Item description for Jesus at 2000 by Marcus Borg...
Overview The essays of six internationally known Jesus scholars first presented at the important "Jesus at 2000" symposium is here available to those seeking an introduction to the controversial historical study of Jesus and Christian origins and to those wishing to examine the intricacies of this New Testament scholarship more carefully.
Publishers Description On February 9-10, 1996, six internationally known Jesus scholars participated in the first national symposium to commemorate the 2000th anniversary of the birth of Jesus. Talking about the historical, religious, and cultural significance of Jesus, these scholars drew mass media attention and inspired a phenomenally successful follow-up discussion group on the Internet. "Jesus at 2000" makes the symposium available to those seeking an introduction to the controversial historical study of Jesus and Christian origins and to those wishing to examine the intricacies of this New Testament scholarship more carefully.In addition to the papers presented by Marcus J. Borg, John Dominic Crossan, Alan F. Segal, Harvey Cox, Karen Jo Torjesen, and Huston Smith, this book includes questions from the symposium as well as a concluding chapter that introduces the historical study of Jesus and Christian origins to the newly curious. Readers will appreciate the wide range of perspectives offered, from historical Jesus scholarship to Jewish studies, early Christian history, world religions, and religion and culture. Written for a general audience, the book will be useful in both academic and church settings for those wanting to know what the academy is saying about Jesus.
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Marcus Borg, author of Meeting Jesus Again for the First Time and Jesus: A New Vision, lives in Portland, OR. Thomas Moore is the author of Care of the Soul, a New York Times bestseller. He lives in Wilton, NH.
Reviews - What do customers think about Jesus at 2000?
The Gospels Reflect A Developing Tradition May 7, 2002
The historical study of Jesus and Christion origins is discussed by six well-known scholars. In two succinct essays and the book's introduction Marcus Borg gives us some basic tenets of modern Jesus scholarship. There is, for instance, no such thing as a wholly objective perspective on Jesus. The Bible is the human product of two ancient societies. The gospels are products of early Christian communities and they reflect a developing tradition within those groups of people. Jesus' public life took place in the first third of the first century while the canonical gospels were written during the last third of the same century. In between the newly emerging faith was sustained largely by oral tradition. Most of the other contributors to this book are probably in agreement with the above statements even though they come to this discussion from widely different backgrounds.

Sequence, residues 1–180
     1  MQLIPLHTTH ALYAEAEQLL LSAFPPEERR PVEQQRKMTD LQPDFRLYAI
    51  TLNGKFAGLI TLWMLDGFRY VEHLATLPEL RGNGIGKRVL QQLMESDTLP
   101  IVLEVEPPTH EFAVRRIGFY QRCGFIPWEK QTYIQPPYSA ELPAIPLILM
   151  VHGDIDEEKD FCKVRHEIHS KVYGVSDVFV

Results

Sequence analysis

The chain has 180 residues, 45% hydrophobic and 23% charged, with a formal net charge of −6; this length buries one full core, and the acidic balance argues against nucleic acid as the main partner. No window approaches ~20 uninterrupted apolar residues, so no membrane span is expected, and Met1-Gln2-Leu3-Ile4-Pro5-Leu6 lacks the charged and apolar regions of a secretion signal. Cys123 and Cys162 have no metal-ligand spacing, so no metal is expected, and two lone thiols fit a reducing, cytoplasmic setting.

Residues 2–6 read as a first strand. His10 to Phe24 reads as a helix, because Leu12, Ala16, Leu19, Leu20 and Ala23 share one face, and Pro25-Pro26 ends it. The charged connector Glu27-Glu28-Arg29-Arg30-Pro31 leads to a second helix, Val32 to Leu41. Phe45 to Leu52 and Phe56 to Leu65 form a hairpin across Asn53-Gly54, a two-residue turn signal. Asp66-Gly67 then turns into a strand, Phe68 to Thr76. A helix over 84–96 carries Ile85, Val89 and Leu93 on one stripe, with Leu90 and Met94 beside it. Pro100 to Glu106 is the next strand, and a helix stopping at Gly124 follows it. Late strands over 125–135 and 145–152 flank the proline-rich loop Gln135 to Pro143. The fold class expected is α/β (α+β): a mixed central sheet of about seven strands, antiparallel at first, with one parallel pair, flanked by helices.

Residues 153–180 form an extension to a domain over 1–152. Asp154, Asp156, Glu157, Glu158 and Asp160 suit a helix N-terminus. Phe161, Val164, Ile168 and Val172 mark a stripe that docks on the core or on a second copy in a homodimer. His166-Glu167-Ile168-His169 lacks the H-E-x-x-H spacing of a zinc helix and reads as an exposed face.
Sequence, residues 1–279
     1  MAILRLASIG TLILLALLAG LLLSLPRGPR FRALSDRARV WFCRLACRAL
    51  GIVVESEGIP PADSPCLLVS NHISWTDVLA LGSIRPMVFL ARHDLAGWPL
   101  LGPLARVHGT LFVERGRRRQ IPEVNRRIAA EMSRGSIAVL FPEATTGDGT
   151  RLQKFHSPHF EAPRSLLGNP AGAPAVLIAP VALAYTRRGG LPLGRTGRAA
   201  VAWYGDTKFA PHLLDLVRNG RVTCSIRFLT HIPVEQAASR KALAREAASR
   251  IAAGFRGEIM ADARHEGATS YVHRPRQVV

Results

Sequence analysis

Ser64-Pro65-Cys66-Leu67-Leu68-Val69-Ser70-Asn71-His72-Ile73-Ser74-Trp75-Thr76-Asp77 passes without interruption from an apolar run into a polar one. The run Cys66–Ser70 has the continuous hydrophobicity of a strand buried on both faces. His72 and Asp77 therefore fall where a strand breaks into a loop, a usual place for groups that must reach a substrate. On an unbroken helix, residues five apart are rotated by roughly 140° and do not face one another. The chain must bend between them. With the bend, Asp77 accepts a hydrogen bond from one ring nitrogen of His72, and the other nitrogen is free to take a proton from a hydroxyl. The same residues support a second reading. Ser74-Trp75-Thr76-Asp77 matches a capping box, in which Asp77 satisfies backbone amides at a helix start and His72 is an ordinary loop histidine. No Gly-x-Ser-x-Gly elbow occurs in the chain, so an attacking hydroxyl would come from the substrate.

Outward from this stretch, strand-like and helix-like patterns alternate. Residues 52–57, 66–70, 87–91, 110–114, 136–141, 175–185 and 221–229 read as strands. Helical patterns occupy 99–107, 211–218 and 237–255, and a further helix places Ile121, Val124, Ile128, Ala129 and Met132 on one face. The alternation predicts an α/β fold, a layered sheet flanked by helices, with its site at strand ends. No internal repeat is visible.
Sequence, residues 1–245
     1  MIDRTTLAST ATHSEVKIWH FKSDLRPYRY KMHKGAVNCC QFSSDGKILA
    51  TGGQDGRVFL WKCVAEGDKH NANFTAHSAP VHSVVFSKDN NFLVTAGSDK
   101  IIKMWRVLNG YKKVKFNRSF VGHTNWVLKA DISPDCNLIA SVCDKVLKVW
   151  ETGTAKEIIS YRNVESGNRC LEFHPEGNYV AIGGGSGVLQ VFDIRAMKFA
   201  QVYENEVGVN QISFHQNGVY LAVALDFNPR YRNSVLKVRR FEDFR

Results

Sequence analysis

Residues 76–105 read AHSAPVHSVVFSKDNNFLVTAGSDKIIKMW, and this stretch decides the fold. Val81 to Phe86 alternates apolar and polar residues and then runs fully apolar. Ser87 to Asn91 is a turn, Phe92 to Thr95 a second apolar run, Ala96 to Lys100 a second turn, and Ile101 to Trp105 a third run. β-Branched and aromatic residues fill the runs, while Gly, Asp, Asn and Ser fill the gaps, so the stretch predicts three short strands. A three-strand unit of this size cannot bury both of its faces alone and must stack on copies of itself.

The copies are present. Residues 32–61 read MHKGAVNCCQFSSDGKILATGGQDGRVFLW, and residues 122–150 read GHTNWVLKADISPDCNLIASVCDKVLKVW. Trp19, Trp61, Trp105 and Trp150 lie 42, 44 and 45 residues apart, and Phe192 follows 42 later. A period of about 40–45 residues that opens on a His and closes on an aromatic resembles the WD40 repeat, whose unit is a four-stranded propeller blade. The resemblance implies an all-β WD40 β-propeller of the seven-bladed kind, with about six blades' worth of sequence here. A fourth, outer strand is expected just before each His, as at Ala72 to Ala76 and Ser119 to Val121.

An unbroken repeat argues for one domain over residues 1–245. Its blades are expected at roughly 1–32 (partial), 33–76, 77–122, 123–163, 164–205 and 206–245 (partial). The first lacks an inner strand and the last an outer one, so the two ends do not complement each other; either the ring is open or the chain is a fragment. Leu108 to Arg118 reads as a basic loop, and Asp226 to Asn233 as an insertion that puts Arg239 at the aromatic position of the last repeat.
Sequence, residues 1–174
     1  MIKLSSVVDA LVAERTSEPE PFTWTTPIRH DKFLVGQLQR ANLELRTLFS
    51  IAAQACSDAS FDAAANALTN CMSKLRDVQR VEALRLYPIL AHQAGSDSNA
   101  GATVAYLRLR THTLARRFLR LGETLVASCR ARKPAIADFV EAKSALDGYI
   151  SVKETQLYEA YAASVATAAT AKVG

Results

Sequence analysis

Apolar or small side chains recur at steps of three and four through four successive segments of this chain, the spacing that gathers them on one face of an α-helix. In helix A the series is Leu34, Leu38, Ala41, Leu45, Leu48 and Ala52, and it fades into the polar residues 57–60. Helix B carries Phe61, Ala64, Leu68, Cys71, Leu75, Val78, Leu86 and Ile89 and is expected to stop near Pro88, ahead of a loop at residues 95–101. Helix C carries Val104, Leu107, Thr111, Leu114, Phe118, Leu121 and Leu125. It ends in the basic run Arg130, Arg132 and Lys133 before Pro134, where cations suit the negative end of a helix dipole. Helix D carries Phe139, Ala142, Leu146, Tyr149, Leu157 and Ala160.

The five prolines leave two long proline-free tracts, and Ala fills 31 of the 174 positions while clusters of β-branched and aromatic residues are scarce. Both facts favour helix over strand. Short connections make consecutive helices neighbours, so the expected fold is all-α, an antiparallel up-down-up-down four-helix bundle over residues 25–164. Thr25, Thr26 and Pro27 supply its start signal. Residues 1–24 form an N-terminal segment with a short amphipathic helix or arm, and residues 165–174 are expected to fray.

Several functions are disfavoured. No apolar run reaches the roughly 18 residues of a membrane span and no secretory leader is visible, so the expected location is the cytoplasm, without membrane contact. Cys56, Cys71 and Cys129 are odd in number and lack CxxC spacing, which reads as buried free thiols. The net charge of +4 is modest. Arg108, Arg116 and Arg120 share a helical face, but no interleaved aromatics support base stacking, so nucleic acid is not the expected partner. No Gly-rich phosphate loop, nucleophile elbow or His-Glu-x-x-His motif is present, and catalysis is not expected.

A Good Place To Begin The Journey May 4, 2002
For anyone interested in learning more about the work of the Jesus Seminar and contemporary Jesus scholarship this is as good a place as any to begin the journey. The diverse essays are mainly excellent. Most chapters are accompanied by questions and responses recorded during the actual scholarly symposium commemorating the 2000 anniversary of the birth of Jesus held at Oregon State University in 1996. The notes for each chapter are extensive and I find the list of resources at the end of the book to be very helpful for someone who is just beginning to become curious about the study of the historical Jesus.
Jesus Seen From Many Different Vantage Points May 2, 2002
Marcus Borg has written the introduction and two of the book's eight essays. I found it useful to read Borg's contributions first mainly because he describes with such clarity the basics of modern Jesus scholarship.
Allan Segal is a leading Jewish scholar and Huston Smith is a well-known philosopher and historian of religions. All of the book's six contributors seem to approach the subject from different vantage points. The result is a very stimulating reading experience.
Good book from college. Feb 4, 2001
I was a Theology major in college - this book was required reading material. As a more conservative Christian, I have a lot of respect for Marcus Borg. He is a widely respected theologian, but he also truly believes in Jesus Christ. This book shows how Jesus is viewed as we approach Y2K. Since it is now 2001, I find that Borg to be accurate in his predictions and views. Although other theological book I read in college were "scholastic" then Christian, I find Borg has written a refreshing book to which all can relate.